Court
Head Note Section 3(2)(v) SC/ST not be attracted in cases where the offence committed under IPC is punishable less than ten years imprisonment.   Read Judgement

Court
Head Note Interest is payable even if possession is taken prior to notification u/s 4 of the Land Acquisition Act.   Read Judgement

Court Bombay High Court
Head Note Law laid down in Anant Vasantlal Sambre and Manohar Martandrao Kulkarni’s cases no more a good law to that extent.It is not a requirement under section 3 of the Atrocities Act that the complainant should disclose the caste of the accused in the complaint: Bombay High Court-Full Bench   Read Judgement

Court
Head Note Medical evidence inconsistent to oral eye witness account,Held"conviction u/s 302 IPC can not be maintained and altered to 326 IPC   Read Judgement

Court
Head Note ALL. H.C.: Existence of an arbitration agreement is a sine quo non for invoking the jurisdiction of the court u/s 9 of the Arbitration & Conciliation Act 1996   Read Judgement

Court
Head Note S.C.:Question of law not framed by high court, so case remmitted back.   Read Judgement

Court
Head Note Separate conviction and sentence under section 3(2)(5) SC/ST Act simplicitor is illegal--Allahabad High Court   Read Judgement

Court
Head Note All.H.C.;Magistrate having no jurisdiction to take cognizance of the offence can not pass the order for investigation under section 156(3) Cr.P.C.   Read Judgement

Court
Head Note All. H.C.:The Magistrate can pass order for further investigation on the final report.   Read Judgement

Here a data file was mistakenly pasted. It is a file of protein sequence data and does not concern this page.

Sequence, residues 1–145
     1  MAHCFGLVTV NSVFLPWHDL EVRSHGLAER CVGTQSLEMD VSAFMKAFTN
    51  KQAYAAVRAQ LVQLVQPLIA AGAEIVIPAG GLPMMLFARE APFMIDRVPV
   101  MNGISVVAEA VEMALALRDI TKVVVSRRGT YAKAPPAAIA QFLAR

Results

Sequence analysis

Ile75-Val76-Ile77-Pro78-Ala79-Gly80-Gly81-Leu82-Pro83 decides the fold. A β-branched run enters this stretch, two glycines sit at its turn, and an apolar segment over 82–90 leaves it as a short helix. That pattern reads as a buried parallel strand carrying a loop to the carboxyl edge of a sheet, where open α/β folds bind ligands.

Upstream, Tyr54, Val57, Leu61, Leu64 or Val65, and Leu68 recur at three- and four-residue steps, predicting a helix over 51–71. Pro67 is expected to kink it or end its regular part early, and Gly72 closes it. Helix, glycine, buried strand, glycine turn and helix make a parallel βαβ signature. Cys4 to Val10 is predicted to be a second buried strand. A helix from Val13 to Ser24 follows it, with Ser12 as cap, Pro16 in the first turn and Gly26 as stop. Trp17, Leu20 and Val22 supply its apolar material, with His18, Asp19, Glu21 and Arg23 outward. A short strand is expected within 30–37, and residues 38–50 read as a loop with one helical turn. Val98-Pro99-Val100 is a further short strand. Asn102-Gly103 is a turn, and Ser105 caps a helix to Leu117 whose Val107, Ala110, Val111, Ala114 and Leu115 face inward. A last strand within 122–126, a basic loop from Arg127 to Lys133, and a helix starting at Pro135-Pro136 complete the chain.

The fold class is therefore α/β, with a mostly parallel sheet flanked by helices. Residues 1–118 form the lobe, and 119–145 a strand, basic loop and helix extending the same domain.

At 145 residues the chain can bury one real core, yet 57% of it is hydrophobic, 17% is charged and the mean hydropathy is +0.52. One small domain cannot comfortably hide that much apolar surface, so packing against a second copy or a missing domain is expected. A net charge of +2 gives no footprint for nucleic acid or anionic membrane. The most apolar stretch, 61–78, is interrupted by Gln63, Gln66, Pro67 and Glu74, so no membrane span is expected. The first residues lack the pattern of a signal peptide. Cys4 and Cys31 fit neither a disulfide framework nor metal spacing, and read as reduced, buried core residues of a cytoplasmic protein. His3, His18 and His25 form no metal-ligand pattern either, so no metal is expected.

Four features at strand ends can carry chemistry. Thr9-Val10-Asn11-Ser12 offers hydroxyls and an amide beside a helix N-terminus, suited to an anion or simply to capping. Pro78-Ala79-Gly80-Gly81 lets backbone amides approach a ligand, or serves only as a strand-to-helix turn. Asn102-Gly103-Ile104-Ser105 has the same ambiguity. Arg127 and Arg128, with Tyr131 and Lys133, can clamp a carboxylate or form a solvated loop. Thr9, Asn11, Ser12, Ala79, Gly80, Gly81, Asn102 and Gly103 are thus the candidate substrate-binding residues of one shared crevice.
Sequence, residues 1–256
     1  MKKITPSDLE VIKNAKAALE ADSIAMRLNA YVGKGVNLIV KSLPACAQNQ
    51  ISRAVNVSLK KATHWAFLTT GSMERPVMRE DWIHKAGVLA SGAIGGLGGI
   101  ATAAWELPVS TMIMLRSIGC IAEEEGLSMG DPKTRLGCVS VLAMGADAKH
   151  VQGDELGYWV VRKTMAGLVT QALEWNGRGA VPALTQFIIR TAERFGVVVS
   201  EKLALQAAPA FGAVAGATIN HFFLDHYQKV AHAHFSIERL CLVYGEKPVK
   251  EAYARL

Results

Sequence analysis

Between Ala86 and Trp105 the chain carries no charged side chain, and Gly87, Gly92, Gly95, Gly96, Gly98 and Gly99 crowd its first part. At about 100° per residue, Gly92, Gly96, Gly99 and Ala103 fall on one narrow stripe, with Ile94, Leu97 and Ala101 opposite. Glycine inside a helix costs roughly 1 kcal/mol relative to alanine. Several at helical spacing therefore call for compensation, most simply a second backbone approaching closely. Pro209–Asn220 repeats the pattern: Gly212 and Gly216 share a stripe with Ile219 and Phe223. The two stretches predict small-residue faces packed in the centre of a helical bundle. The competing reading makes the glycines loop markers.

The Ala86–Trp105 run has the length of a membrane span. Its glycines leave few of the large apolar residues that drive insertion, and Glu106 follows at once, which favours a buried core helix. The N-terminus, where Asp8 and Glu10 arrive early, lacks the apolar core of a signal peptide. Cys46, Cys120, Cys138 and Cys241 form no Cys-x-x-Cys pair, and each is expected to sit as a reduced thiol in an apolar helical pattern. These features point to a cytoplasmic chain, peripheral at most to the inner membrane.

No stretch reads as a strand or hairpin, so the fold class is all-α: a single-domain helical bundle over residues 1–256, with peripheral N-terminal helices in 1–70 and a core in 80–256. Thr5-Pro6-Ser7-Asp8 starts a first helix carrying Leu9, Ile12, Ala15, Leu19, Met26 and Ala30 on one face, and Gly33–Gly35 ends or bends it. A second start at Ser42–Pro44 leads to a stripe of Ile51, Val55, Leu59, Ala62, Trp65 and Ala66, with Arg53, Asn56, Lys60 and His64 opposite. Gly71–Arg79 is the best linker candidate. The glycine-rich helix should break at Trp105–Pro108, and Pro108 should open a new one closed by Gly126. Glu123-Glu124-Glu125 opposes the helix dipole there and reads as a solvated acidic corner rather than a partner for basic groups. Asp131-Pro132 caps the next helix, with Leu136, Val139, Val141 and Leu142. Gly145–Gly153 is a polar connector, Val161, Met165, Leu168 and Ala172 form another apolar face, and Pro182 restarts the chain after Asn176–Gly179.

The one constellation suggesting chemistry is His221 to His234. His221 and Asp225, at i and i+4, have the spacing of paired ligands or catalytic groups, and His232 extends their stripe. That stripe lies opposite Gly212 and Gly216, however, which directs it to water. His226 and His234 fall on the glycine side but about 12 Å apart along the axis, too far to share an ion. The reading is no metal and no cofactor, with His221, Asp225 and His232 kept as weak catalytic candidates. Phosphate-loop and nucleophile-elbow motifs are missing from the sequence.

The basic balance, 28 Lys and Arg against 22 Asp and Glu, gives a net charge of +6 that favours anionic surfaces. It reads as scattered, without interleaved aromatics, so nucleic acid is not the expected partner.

Court
Head Note All.H,C.:Carrying the cow, bull or bullock within the State for slaughtering is no offence under Cow Slaughter Act   Read Judgement

Court
Head Note All. H.C.:Second or subsequent bail application can be considered on new ground or change of law.   Read Judgement

Court
Head Note All.H.C.:Participation of all the accused in criminal act by doing some overt act is not necessary to attract Section 34 of I.P.C.   Read Judgement

Court
Head Note All.H.C.:There is no parity in rejection of bail.   Read Judgement

Court Punjab and Haryana High Court
Head Note Murder Reference No.1 of 2007 accepted and confirmed the death sentence awarded by the trial Court. Resultantly, Crl.Appeal No.105-DB of 2007 (Vikram Singh @ Vicky Walia and others versus State of Punjab) dismissed:Punjab & Haryana High Court   Read Judgement

Court Allahabad High Court
Head Note Held"(1) The respondents shall not consider the applications submitted in pursuance of the advertisement dated 22nd October, 2003 (Annexure-2) for the time being and keep the process of appointment in abeyance so far as the petitioners are concerned;
(2) Applications of the petitioners for renewal shall be considered first, as required under Para 7.08 of the L.R. Manual and to be disposed of by a speaking and reasoned order;
(3) While considering the applications for renewal, the findings of fact shall be recorded by the authority concerned as to whether initial appointment of the petitioners had been made in accordance with law and in case, answer is negative, the applications for renewal shall be rejected forthwith.